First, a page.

What the System Information perspective reveals

The System Information perspective provides a complete and detailed report on your system's resource allocation and use, along with key metrics such as CPU usage, program layout, the interaction of different programs, and more:

Figure 1. The System Information perspective shows a detailed report of the system's resource allocation, CPU usage, and more.

The perspective's metrics may prove useful throughout your development cycle, from writing and debugging your code through your quality-control strategy.

Key terms

Before we describe how to work with the System Information perspective, let's first briefly discuss the terms used in the perspective itself. The main items are:

thread
The minimum unit of execution that can be scheduled to run.
process
A container for threads, defining the virtual address space within which threads execute. A process always contains at least one thread. Each process has its own set of virtual addresses, typically ranging from 0 to 4 GB.

Threads within a process share the same virtual memory space, but have their own stack. This common address space lets threads within the process easily access shared code and data, and lets you optimize or group common functionality, while still providing process-level protection from the rest of the system.

scheduling priority
QNX Neutrino uses priorities to establish the order in which threads get to execute when multiple threads are competing for CPU time.

Each thread can have a scheduling priority ranging from 1 to 255 (the highest priority), independent of the scheduling policy. The special idle thread (in the process manager) has priority 0 and is always ready to run. A thread inherits the priority of its parent thread by default.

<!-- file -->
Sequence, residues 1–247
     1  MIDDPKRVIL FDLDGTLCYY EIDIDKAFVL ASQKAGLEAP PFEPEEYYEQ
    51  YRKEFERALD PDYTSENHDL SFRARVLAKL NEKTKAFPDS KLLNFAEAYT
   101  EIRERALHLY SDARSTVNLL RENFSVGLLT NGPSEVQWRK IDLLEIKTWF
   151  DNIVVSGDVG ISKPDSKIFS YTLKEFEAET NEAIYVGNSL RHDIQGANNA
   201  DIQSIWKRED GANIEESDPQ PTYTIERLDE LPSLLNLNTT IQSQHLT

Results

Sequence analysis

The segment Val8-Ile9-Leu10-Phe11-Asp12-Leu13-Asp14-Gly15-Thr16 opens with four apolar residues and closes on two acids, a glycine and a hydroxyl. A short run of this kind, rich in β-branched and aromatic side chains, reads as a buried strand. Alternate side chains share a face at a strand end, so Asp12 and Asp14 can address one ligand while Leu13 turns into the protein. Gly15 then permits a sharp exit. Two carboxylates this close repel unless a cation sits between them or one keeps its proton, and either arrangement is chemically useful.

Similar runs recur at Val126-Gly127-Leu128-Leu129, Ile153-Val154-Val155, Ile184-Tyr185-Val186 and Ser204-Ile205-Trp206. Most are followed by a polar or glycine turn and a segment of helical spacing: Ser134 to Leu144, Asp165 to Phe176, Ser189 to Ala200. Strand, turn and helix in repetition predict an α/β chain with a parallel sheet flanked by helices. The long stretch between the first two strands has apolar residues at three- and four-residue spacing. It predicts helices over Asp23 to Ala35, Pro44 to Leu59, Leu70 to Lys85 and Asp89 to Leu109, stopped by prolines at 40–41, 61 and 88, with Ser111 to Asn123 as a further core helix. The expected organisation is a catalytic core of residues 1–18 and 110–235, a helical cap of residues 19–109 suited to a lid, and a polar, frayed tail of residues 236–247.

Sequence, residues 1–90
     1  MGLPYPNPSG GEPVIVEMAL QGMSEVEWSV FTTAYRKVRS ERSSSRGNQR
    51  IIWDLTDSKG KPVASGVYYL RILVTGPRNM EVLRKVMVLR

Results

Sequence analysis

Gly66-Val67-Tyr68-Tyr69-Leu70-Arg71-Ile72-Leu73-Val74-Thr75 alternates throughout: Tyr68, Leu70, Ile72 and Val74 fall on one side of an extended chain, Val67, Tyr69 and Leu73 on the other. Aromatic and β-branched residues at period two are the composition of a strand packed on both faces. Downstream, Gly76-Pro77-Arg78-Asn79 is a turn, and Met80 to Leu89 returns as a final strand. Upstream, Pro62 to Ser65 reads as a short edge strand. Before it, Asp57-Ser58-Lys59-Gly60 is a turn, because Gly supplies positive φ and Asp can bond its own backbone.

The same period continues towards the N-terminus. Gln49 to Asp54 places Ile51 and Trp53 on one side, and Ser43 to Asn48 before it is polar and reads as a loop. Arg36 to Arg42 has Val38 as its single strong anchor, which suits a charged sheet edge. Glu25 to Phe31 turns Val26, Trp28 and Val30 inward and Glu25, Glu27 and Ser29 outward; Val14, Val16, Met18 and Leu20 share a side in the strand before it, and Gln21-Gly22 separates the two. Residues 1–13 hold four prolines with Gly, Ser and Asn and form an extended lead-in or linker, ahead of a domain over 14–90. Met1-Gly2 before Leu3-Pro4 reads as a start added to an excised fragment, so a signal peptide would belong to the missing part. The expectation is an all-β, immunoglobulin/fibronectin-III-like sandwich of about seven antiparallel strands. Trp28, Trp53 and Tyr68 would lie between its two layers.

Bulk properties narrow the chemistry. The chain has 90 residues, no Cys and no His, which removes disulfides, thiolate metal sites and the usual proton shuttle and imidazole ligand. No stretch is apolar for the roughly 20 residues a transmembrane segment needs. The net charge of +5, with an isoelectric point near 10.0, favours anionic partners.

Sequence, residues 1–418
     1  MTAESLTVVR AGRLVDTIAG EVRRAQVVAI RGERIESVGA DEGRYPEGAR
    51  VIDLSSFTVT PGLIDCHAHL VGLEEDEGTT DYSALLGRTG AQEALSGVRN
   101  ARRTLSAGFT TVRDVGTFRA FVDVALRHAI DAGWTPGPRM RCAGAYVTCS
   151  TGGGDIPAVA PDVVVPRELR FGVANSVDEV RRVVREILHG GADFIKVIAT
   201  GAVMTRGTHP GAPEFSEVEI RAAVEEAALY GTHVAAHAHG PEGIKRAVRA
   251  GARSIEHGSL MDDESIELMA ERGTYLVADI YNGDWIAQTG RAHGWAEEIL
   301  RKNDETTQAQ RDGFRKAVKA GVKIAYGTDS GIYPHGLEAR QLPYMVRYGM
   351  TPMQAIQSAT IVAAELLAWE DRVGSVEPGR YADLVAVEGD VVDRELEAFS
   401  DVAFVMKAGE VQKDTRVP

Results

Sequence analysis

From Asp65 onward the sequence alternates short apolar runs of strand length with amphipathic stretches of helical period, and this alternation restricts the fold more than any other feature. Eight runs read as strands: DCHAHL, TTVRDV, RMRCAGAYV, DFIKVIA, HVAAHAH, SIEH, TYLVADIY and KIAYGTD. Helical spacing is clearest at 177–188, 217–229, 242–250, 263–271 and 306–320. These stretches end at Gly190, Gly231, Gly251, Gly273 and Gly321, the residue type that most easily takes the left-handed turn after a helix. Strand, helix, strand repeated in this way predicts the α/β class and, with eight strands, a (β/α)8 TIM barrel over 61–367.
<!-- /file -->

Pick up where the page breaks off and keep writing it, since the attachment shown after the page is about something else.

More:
You can set a thread's priority using the pthread_setschedparam function.

scheduling policy
When two or more threads share the same priority (i.e. the threads are directly competing with each other for the CPU), the OS relies on the threads' scheduling policy to determine which thread should run next. Three policies are available:
  • round-robin
  • FIFO
  • sporadic

You can set a thread's scheduling policy using the pthread_setschedparam function or you can start a process with a specific priority and policy by using the on command (see the Utilities Reference for details).

state
Only one thread can actually run at any one time. If a thread isn't in this RUNNING state, it must either be READY or BLOCKED (or in one of the many blocked variants).
message passing
The most fundamental form of communication in QNX Neutrino. The OS relays messages from thread to thread via a send-receive-reply protocol. For example, if a thread calls MsgSend, but the server hasn't yet received the message, the thread would be SEND-blocked; a thread waiting for an answer is REPLY-blocked, and so on.
channel
Message passing is directed towards channels and connections, rather than targeted directly from thread to thread. A thread that wishes to receive messages first creates a channel; another thread that wishes to send a message to that thread must first make a connection by attaching to that channel.
signal
Asynchronous event notifications that can be sent to your process. Signals may include:
  • simple alarms based on a previously set timer
  • a notification of unauthorized access of memory or hardware
  • a request for termination
  • user-definable alerts

The OS supports the standard POSIX signals (as in UNIX) as well as the POSIX realtime signals. The POSIX signals interface specifies how signals target a particular process, not a specific thread. To ensure that signals go to a thread that can handle specific signals, many applications mask most signals from all but one thread.

You can specify the action associated with a signal by using the sigaction function, and block signals by using sigprocmask. You can send signals by using the raise function, or send them manually using the Target Navigator view (see Send a signal below).

Note: For more information on all these terms and concepts, see the QNX Neutrino Microkernel chapter in the System Architecture guide.